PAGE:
My title is not directed at other reviewers here, but at the many glowing reviews for this book featured on its cover and first pages. This is not a beautifully written book, the majority of it is extremely tedious, and at its worst the writing is virtually incoherent.
THE BALL IS ROUND is touted as a history of soccer, but it is ultimately a book about world history in the 20th Century, with soccer as the lens through which that history is viewed. This is an important distinction to make, because reading this book will give you little understanding of the tactical evolution of the game, the famous personalities, players, coaches, the legendary moments of triumph and failure, the great rivalries between teams. The book is much more interested in the politcal and historical aspects of the game's history, and much less so in the sporting ones.
Nevertheless, the book is extremely comprehensive in the outlook that it does take. Goldblatt examines the history of the game on practically (often literally) a nation by nation basis, covering the entire world. He divides the book both by historical era and geographical location, so that chapters generally alternate back and forth from one continent to the next while the book proceeds gradually forward through historical time. Unfortunately, much of this content ends up being tedious and scrapped together.
THE BALL IS ROUND starts off well, the sections about the early history of the game are excellent and I recommend them, but after the first one or two hundred pages, the quality of prose and content rapidly decline. Goldblatt approaches this history with a relentless determination both to editorialize it and to cast it in literary terms, leading to often tortured descriptions of situations and events. It becomes a long, slow, uphill slog. There is a lot of information here, but you will really have to work for it. The book's prose and structural coherence gradually disintegrate into an awkward litany of facts and propositions, even to the point of virtual incoherence. For example, "If the Premiereship has come to signal the renascent successes and costs of England's new commercially minded private sector and the tastes of its comfortable middle classes, the fate of the national team has offered more complex readings." Really slow down and try to parse that sentence.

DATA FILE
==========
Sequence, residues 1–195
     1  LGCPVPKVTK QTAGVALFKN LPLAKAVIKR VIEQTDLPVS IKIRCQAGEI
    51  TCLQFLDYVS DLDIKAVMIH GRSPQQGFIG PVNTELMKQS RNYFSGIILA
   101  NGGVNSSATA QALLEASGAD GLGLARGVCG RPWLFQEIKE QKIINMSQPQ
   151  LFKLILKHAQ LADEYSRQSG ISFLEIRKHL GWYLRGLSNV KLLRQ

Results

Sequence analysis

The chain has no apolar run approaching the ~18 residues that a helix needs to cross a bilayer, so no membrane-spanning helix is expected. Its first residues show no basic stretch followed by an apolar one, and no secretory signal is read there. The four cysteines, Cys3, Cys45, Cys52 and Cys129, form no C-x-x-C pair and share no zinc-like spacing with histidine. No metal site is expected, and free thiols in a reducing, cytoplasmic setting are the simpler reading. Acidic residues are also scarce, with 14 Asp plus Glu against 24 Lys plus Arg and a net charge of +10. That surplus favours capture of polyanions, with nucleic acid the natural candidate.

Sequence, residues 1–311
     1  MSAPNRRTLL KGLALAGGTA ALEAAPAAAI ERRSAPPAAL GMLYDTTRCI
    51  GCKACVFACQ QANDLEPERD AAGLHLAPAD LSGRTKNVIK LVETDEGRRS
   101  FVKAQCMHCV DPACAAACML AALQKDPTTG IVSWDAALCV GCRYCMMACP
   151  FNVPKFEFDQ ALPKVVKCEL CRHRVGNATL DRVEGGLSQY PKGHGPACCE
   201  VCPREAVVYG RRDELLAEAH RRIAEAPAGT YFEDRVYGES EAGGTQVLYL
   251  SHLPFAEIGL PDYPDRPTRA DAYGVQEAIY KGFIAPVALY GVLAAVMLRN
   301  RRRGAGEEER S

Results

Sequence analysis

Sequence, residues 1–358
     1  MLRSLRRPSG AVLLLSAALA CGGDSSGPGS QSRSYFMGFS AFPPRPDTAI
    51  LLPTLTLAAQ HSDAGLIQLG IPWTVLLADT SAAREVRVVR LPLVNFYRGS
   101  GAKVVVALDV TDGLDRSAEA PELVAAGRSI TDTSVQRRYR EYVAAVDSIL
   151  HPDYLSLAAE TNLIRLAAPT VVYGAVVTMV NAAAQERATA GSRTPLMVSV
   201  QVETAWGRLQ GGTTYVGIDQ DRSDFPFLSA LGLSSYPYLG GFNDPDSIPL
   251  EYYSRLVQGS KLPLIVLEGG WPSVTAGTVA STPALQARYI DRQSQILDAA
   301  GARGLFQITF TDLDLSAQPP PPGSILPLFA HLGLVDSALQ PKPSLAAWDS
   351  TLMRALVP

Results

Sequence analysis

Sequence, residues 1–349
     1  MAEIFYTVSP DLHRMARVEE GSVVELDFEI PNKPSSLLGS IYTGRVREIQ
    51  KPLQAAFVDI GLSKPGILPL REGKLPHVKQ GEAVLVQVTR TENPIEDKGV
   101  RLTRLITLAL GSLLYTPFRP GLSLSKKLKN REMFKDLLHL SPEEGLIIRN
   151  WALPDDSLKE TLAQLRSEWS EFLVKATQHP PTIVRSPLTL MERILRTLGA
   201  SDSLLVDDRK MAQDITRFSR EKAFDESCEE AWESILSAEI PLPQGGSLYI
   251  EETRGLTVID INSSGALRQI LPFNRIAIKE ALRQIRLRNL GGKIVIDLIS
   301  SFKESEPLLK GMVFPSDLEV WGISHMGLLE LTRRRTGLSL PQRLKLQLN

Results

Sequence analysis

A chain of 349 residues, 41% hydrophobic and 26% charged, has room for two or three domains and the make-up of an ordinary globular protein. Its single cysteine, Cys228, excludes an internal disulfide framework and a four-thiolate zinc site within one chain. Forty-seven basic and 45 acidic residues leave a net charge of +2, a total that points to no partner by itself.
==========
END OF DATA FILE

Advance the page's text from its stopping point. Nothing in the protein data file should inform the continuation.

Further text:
With a lot more editing, and perhaps another year or three of work, I think this book could have realized its high ambitions and been a classic. As it is, it is neither a good historical survey nor an engaging read for the football/soccer enthusiast. There is much to learn about world history and the history of soccer within the pages of THE BALL IS ROUND, and the sections on the early history of the sport are really very good, but the middle sections of the book lack structure and are poorly written. It gets a bit better again towards the end.
One interesting thing this book revealed was how rife with corruption the entire history of the sport of soccer has been. Goldblatt does not shy away from these ugly moments, which are often swept under the rug by other books and commentators.
I wish I could give this book a more positive review, but I have to be honest. I know of few readers who would push past the two or three hundred page mark on this one, and perhaps that is why there are only a handful of reviews here in spite of the sport's surging popularity in the US. Being stubborn and reading the whole thing like I did is unlikely to be a satisfying use of your time.